The diffusion of micro-cogeneration systems can significantly contribute to reduction of primary energy consumption and greenhouse gas emission attributed to the residential sector, if compared with the conventional separate energy conversion systems.The paper analyses a microcogeneration system used to satisfy electric and thermal demand (space heating and domestic hot water) of two semi-detached houses. It consists of a reciprocating internal combustion engine fuelled by natural gas, with a thermal and electric power of 12.5 kW and 5.5 kW, respectively. A high efficiency auxiliary boiler with a nominal thermal power of 24 kW, is included to supply heat when microgeneration unit capacity is not enough to meet the heating load. A load sharing approach between the two residential building is taken into account. The domestic hot water and the heating requests are managed by means of two different thermal storages. In order to analyse the influence of climatic conditions and to make the results more general for different geographical areas, two different locations one in Italy and one in Spain, are considered,.The models representing the components, and the buildings have been implemented in a widely used commercial software for building simulations.The models were calibrated and validated through data obtained from experimental tests carried out in the test facility at Laboratory for the Quality Control in Buildings LCCE (Vitoria-Gasteiz, Spain). The results of the simulations highlight the potential benefits of the load sharing approach. In particular, this study shows that the proposed system can obtain an interesting primary energy saving and reduction in terms of equivalent CO2 emissions with respect to an appropriate reference system, both in Spain and Italy.

Dynamic simulation of a microcogeneration system experimentally validated in a test facility in Spain

LOMBARDI, ANNA;Marrasso E;Roselli C;Sasso M;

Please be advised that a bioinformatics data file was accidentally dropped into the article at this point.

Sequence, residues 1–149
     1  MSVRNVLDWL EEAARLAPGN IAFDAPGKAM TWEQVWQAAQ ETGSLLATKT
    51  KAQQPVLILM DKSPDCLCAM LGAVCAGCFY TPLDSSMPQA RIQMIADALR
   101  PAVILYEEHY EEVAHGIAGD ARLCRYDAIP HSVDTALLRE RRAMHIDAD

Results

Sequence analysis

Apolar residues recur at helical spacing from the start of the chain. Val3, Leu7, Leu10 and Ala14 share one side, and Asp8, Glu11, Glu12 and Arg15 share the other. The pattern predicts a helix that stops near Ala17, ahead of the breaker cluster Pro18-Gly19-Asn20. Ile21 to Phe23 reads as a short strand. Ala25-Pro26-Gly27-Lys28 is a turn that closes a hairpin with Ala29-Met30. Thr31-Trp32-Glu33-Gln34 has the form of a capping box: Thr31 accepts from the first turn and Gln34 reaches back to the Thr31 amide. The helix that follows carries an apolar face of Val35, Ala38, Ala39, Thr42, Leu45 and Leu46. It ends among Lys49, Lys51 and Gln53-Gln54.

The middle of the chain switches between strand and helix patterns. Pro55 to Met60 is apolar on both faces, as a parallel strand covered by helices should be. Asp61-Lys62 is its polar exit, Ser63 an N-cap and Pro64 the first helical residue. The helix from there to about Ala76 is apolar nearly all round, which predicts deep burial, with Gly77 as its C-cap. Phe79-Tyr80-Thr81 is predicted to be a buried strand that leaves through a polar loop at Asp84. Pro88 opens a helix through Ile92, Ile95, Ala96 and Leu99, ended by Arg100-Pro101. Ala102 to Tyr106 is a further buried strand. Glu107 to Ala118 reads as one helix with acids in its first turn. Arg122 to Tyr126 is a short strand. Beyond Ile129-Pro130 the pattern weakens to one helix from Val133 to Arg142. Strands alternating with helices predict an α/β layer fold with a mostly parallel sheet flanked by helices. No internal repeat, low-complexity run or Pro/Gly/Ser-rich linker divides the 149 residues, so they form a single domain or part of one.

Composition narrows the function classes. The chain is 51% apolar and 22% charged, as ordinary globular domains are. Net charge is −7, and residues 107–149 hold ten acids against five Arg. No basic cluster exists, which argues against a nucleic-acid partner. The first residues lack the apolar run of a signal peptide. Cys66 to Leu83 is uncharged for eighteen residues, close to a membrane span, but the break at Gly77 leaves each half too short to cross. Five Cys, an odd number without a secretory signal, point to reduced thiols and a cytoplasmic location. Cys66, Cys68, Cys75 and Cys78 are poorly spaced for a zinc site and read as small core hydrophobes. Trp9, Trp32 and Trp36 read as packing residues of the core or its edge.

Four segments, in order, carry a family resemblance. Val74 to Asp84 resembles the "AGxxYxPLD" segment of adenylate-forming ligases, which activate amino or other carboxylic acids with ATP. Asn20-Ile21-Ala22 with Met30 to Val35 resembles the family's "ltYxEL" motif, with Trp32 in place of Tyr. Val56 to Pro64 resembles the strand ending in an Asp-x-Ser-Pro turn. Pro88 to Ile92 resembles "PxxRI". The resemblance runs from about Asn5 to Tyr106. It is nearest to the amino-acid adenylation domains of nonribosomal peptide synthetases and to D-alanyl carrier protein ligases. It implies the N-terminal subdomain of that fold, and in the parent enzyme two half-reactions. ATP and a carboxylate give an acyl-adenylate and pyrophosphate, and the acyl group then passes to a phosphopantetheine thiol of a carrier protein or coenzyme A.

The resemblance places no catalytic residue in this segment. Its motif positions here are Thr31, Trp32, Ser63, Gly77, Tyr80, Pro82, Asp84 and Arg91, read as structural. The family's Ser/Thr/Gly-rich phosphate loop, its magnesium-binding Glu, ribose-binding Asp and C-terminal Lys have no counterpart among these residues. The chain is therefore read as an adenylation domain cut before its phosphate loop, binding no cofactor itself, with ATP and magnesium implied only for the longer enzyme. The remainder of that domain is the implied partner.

2017

Abstract

The diffusion of micro-cogeneration systems can significantly contribute to reduction of primary energy consumption and greenhouse gas emission attributed to the residential sector, if compared with the conventional separate energy conversion systems.The paper analyses a microcogeneration system used to satisfy electric and thermal demand (space heating and domestic hot water) of two semi-detached houses. It consists of a reciprocating internal combustion engine fuelled by natural gas, with a thermal and electric power of 12.5 kW and 5.5 kW, respectively. A high efficiency auxiliary boiler with a nominal thermal power of 24 kW, is included to supply heat when microgeneration unit capacity is not enough to meet the heating load. A load sharing approach between the two residential building is taken into account. The domestic hot water and the heating requests are managed by means of two different thermal storages. In order to analyse the influence of climatic conditions and to make the results more general for different geographical areas, two different locations one in Italy and one in Spain, are considered,.The models representing the components, and the buildings have been implemented in a widely used commercial software for building simulations.The models were calibrated and validated through data obtained from experimental tests carried out in the test facility at Laboratory for the Quality Control in Buildings LCCE (Vitoria-Gasteiz, Spain). The results of the simulations highlight the potential benefits of the load sharing approach. In particular, this study shows that the proposed system can obtain an interesting primary energy saving and reduction in terms of equivalent CO2 emissions with respect to an appropriate reference system, both in Spain and Italy.
Microcogeneration; Dynamic simulation; Load sharing; Spanish semi-detached houses; Thermo-economic analysis; environmental analysis
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Utilizza questo identificativo per citare o creare un link a questo documento: https://hdl.handle.net/20.500.12070/10733
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